Utah families hope the Defense POW/MIA Accounting Agency will help them locate lost loved ones

SALT LAKE CITY -- Hundreds of families met with the Defense POW/MIA Accounting Agency (DPAA) on Saturday to receive updates on the search for their loved ones. There are still hundreds of service members unaccounted for from Utah. Most are presumed dead.

As scientists work on trying to identify everyone they can, family members received one-on-one updates on their case. Some gave DNA swabs, praying for an eventual match in the DPAA database.

“It’s been a long time. I have no idea what I missed,” cried William Golden Reeves, searching for his brother, 1st Lt. Thiel M. Reeves. “To get him home would mean a lot.”

Melvin Leroy Pethel, who said he has no idea how his brother Sgt. David J. Pethel may have died in North Korea, told FOX 13 he was encouraged with the way President Trump and Kim Jong Un have started the process of returning service members home.

The United States has received 55 boxes, likely containing the remains of more than 100 service members, since the president’s historic summit with the North Korean leader. Scientists said it could take months, or potentially years, before all of those service members are identified.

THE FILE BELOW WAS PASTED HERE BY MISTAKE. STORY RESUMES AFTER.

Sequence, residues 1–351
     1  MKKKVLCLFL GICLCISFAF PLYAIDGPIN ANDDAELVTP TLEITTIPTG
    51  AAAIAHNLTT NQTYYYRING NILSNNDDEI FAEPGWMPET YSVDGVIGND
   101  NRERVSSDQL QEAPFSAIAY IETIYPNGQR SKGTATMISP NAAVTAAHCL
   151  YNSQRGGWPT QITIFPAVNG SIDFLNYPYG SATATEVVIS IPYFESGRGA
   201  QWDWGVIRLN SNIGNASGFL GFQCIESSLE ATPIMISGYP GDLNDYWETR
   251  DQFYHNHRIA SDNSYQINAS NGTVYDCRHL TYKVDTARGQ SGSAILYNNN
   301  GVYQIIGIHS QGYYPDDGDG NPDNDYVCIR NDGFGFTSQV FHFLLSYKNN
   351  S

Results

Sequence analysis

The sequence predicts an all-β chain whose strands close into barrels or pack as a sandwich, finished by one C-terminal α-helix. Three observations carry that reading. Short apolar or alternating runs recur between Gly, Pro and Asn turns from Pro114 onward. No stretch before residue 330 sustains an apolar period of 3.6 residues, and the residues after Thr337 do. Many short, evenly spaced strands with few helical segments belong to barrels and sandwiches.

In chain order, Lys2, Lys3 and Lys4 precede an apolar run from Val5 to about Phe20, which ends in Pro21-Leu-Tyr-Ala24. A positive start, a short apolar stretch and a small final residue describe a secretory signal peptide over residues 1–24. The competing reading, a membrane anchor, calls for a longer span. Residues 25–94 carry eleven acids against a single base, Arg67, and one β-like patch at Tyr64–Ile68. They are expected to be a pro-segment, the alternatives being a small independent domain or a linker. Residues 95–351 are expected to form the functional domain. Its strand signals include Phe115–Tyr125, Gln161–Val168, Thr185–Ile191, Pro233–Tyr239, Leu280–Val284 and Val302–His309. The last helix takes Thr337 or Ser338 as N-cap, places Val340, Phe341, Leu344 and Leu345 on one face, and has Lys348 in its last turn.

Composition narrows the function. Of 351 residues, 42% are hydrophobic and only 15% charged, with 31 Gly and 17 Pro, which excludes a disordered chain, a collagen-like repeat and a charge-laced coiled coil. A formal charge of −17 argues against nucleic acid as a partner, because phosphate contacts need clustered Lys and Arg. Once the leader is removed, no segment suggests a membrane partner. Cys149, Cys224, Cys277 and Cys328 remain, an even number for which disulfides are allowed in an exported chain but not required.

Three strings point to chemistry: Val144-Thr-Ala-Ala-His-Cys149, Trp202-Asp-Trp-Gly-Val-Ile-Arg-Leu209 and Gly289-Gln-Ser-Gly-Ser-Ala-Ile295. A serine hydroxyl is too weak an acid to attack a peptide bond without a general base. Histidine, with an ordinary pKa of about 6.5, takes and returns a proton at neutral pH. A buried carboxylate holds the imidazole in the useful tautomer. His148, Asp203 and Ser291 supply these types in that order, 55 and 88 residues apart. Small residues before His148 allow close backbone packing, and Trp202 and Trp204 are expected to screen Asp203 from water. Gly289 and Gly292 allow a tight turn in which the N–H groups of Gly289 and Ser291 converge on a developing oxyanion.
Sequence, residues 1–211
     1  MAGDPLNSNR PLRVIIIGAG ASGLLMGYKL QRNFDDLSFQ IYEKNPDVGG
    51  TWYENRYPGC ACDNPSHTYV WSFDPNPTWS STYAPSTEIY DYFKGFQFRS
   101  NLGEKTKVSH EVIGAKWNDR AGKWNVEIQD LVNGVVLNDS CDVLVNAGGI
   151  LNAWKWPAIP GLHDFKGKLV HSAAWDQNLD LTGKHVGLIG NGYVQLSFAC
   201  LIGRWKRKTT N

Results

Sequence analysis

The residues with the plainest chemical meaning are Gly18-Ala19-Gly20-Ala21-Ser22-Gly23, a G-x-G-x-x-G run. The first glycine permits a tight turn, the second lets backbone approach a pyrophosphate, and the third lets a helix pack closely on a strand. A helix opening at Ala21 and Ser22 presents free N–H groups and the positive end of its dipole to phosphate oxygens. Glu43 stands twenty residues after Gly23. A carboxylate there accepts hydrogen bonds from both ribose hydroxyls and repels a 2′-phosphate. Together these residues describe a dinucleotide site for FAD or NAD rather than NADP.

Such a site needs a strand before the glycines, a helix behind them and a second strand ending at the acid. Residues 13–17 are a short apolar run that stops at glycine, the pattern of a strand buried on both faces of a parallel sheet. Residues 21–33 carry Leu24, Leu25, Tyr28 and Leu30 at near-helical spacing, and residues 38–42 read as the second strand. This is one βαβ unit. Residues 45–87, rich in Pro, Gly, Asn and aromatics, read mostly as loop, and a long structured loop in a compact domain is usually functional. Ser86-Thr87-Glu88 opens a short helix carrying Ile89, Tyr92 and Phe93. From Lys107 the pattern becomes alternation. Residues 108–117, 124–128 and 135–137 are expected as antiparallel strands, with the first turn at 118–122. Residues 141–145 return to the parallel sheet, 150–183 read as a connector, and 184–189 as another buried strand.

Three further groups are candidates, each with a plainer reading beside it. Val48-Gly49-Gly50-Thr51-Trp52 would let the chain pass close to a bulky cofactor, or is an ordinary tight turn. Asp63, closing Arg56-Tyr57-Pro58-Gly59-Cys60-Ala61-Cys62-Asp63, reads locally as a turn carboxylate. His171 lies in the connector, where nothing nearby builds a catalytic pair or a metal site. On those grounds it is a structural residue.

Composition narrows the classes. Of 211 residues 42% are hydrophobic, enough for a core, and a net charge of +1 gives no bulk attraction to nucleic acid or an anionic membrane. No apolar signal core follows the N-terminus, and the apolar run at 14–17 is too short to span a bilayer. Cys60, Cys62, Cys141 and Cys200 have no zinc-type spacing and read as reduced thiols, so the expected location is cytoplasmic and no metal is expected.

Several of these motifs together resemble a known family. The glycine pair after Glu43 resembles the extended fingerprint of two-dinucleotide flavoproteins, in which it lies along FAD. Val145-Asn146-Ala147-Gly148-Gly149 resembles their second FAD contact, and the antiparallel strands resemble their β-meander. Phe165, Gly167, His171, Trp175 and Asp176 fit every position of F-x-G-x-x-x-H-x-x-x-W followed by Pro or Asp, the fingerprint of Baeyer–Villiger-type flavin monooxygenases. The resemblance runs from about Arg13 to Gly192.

“I miss him very much. I’d go to bed and I’d dream about him all the time,” Melvin Pethel said. “I remember his first time he came home, he was telling me how he enjoyed it. That was the last time I ever saw him… I was crying for a long time after he died.”

Others said they know exactly how their loved one died, but have nothing but an empty grave to show for it.

“He was in the United States Marine Corps. He joined at 17, but my dad made him wait until 18 before he let him join,” said Ray Burrows, looking for the remains of his older brother, Merrill G. Burrows. “We sure would like to have him. I hope they do some recovery when I’m still here, but being 87 you never know.”

“(Thiel) got his pilot’s license when he was 15 years old,” said William Golden Reeves. “They were supposed to come home, and when he landed on the ground, they told him they had extended him another five more missions. He was on his 41st mission when he got shot down.”

Dr. Timothy McMahon, director of Department of Defense DNA Operations, said he was optimistic his mission to identify every service member will be completed.

“This is an extremely noble mission,” McMahon said. “It may take time, but we will get an answer… I do think the time will come when we can make as many of the identifications as possible.”

If you were not able to make it to the event, family members are encouraged to contact casualty officers to receive the latest information about the work being done on their individual losses. Family members are also encouraged to volunteer a DNA sample if can set up an appointment or volunteer a buccal swab DNA sample to cross reference with the DPAA databse.

For more information on how to get involved, please visit http://www.DPAA.mil.

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